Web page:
Pastor’s Sue’s Letter For April 2020
Last Thursday I recorded a sermon for Sunday worship at Zion. This is what a faithful church looks like right now; empty buildings, but people full of compassion for their neighbors. While it was strange to preach to an empty room, I was filled with a sense of the vibrant community represented by each seat. It reminded me of a poem I read this week. My favorite line: “Like the Italians singing from their balconies with neighbors, we are all notes of the same song.”
There are so many layers to what this Covid-19 means for everyday life. I’ve been reflecting and praying each day on another aspect or layer. This morning in prayer I began to think about all the different ways individuals are affected. There has been a lot of attention of course on the physical health consequences, the societal impact, the economic impact, but not so much on the emotional and mental health effect.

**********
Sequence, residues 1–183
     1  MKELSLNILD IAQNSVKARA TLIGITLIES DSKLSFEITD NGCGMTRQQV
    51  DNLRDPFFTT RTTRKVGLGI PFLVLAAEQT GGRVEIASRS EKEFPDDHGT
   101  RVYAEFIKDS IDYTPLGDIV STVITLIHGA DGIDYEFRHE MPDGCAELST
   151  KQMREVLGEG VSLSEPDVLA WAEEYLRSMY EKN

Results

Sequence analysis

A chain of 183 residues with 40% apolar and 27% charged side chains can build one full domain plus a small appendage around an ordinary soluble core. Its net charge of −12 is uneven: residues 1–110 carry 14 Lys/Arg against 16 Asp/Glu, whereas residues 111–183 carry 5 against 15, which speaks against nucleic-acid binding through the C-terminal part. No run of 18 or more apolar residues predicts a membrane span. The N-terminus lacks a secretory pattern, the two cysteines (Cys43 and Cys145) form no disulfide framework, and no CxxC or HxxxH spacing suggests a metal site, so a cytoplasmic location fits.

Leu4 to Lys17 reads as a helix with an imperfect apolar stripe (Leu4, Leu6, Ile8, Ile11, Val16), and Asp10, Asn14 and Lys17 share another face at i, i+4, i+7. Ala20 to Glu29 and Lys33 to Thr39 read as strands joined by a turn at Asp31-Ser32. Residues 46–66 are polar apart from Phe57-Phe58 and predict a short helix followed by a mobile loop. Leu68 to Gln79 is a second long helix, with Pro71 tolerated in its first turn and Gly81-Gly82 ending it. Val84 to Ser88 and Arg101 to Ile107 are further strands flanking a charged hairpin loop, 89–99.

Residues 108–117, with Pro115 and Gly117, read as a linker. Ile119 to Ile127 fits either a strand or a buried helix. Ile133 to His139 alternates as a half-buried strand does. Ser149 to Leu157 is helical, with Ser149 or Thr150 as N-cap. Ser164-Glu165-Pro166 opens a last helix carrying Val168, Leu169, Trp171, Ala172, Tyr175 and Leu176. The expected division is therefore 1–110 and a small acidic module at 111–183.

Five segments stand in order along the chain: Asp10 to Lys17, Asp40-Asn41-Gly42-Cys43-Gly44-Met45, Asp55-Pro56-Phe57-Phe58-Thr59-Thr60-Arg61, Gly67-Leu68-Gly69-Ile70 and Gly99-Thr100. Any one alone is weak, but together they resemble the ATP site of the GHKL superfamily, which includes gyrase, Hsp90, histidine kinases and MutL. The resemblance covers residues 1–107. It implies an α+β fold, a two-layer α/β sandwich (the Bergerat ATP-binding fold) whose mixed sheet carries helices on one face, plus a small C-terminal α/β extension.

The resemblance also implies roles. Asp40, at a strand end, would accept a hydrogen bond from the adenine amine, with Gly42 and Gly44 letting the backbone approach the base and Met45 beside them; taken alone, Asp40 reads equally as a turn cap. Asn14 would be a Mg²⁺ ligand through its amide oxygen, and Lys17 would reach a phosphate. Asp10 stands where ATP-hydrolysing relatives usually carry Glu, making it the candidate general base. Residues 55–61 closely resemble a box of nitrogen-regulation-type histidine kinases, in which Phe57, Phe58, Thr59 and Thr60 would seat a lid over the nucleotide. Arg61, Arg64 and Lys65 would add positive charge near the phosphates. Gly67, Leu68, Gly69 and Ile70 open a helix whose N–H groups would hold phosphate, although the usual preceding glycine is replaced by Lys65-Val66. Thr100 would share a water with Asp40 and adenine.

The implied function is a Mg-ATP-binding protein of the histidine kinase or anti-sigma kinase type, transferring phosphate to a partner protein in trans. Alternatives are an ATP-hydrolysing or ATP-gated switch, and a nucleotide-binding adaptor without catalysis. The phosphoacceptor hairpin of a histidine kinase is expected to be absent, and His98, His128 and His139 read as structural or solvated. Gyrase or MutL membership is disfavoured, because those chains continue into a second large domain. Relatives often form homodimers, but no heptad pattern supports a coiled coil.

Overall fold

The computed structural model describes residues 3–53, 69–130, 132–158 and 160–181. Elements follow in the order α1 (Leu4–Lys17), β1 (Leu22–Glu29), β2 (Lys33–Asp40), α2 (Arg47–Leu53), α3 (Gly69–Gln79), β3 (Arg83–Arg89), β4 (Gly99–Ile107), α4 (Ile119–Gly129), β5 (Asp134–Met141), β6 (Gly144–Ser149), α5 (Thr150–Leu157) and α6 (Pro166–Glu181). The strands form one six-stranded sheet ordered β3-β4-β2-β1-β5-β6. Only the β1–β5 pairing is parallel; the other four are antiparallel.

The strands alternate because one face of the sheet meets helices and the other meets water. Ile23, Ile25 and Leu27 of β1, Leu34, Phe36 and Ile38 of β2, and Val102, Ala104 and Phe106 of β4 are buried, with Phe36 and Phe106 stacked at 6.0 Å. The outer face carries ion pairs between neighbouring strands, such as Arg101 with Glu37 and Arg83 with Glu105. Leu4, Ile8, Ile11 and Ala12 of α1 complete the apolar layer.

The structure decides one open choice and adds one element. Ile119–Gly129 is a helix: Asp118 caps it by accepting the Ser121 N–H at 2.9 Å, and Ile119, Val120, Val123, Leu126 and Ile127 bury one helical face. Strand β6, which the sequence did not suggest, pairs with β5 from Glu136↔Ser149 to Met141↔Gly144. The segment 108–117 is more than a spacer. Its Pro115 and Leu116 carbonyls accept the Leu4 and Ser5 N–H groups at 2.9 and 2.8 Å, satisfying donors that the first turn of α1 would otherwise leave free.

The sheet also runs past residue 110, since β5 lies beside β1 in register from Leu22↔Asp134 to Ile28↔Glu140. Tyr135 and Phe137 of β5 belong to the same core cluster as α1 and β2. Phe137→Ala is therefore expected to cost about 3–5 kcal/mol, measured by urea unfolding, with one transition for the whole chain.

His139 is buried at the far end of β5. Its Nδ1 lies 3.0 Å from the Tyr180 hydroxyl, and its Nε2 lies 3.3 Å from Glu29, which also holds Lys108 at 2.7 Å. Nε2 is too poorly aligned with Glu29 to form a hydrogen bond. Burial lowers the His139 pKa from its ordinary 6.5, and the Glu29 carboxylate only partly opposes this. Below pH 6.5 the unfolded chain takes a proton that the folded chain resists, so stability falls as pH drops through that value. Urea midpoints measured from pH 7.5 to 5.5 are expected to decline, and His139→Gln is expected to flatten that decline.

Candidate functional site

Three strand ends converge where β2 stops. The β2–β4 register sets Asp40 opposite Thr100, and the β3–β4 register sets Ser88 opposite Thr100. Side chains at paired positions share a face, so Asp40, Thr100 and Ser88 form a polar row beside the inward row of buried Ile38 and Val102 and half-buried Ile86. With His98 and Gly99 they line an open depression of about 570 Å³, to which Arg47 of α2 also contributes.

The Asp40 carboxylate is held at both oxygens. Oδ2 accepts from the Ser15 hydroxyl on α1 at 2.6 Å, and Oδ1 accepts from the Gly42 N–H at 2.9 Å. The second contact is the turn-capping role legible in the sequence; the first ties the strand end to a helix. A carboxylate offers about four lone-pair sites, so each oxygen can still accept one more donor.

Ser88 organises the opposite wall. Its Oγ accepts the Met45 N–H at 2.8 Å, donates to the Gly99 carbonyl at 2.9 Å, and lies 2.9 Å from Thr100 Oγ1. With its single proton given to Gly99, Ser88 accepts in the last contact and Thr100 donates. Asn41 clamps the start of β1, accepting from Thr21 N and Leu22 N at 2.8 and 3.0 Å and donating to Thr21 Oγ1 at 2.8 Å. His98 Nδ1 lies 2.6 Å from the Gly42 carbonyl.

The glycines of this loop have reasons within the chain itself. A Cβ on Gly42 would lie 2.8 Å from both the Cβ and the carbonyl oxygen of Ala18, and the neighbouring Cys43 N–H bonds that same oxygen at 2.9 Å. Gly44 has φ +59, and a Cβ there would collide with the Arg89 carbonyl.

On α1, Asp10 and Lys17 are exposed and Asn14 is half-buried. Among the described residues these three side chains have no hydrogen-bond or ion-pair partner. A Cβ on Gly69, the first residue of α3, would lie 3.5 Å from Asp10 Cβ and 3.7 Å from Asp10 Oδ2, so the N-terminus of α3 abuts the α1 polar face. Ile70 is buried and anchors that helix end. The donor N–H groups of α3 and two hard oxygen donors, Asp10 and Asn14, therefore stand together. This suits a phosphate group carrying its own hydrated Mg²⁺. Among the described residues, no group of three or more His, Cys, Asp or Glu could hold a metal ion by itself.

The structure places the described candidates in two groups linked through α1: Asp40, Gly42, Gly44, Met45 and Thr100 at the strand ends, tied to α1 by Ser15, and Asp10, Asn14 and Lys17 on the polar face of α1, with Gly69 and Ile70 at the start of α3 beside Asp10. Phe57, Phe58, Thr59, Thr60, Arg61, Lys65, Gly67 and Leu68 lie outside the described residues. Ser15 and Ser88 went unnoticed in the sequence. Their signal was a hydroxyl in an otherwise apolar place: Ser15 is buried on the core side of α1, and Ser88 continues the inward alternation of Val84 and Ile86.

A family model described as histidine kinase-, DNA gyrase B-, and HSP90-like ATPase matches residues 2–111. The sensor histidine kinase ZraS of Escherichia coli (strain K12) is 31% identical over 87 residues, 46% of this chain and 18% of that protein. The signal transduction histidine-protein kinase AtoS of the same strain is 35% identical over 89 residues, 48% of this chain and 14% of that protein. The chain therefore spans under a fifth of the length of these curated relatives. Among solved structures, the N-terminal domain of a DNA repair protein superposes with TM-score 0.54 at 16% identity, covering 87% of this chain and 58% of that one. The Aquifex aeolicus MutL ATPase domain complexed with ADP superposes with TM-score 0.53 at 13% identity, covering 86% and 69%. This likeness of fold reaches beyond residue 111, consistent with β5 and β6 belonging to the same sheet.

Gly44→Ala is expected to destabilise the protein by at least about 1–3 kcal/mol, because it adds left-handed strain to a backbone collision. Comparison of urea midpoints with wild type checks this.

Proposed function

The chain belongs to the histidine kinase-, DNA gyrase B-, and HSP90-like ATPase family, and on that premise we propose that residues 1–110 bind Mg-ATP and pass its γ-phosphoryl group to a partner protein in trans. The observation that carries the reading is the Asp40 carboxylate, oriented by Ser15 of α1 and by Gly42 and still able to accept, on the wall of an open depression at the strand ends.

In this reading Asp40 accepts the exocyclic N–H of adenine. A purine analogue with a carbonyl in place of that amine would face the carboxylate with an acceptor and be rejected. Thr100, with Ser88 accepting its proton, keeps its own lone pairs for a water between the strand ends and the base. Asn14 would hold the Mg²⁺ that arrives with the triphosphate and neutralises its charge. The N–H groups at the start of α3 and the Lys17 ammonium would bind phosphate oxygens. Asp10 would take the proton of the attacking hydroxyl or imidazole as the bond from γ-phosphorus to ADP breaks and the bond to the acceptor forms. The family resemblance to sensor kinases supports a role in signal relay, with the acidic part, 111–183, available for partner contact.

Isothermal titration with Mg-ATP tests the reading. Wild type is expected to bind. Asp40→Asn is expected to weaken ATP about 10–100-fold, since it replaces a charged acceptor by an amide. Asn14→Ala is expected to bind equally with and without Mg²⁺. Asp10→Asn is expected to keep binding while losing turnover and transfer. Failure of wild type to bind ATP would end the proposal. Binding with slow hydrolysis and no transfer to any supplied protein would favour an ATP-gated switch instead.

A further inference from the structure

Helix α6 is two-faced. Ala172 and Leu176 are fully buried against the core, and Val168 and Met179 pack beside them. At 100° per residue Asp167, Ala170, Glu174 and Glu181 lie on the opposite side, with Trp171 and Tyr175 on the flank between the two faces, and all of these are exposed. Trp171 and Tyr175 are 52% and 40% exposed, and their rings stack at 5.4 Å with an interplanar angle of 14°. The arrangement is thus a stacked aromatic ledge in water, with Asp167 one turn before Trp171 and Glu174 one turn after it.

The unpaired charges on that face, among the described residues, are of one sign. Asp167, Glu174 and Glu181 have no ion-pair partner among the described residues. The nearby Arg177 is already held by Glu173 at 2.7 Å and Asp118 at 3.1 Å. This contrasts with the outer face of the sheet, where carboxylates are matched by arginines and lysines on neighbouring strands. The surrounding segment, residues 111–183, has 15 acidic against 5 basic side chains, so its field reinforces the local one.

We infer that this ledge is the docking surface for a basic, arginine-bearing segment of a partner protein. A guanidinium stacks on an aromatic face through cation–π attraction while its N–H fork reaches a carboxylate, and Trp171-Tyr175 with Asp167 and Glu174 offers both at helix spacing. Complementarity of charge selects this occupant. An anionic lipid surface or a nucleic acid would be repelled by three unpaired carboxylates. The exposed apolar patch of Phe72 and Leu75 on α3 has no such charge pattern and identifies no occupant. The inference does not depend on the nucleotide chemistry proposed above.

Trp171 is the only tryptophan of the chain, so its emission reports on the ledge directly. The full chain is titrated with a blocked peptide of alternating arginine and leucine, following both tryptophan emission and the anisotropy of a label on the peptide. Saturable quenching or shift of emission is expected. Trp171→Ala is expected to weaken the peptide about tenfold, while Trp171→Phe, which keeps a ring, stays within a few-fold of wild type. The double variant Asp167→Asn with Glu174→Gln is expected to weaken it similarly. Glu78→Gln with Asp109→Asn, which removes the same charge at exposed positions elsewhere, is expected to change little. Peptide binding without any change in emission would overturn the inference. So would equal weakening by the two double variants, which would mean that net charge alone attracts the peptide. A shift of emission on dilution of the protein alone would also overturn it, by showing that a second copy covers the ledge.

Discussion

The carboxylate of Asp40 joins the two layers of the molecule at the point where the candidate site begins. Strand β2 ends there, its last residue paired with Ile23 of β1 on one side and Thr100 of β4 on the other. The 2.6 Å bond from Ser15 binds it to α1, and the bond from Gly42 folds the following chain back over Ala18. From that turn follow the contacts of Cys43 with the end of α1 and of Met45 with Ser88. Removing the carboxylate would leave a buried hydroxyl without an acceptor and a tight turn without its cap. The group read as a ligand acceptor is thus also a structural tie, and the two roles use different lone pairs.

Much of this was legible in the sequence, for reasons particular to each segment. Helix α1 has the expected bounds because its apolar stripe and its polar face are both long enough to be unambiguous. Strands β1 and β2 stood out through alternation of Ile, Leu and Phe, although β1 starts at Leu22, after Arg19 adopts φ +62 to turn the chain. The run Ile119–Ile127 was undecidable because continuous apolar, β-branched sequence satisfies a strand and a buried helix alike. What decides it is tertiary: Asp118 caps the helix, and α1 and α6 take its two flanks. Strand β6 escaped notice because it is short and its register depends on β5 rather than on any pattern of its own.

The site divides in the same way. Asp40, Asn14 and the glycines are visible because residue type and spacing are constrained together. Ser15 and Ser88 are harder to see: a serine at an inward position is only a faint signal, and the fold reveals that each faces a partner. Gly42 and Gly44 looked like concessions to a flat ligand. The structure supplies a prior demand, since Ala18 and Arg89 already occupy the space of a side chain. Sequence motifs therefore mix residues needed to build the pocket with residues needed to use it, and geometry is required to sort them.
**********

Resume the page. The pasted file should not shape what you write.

Just thinking about all the triggers makes me shutter: Despair, hopelessness, decreased job security, loneliness of self-quarantining, increased health anxiety, social withdrawal, fear for loved ones, a mindset switch from “living” to “survival.” Quarantine makes it more difficult to distract one’s self from existing mental health issues.
Unfortunately, it looks like the situation is getting worse and will continue to (at least short- term). This is why is way too important to not acknowledge the need to care for each other, even if it’s from a distance. We can get through this together.
And lastly, I’ll close with words from the introduction to the Wilderness Lent devotion from A Sanctified Art: “We rarely enter the wilderness willingly, but hopefully, through our wandering we remember who we are and whose we are. The wilderness can become sacred even if it remains dangerous. There is no wilderness space too harsh or threatening for God’s love. In the wilderness our faith is born, nurtured, challenged, and resurrected. May it be so for you this season.”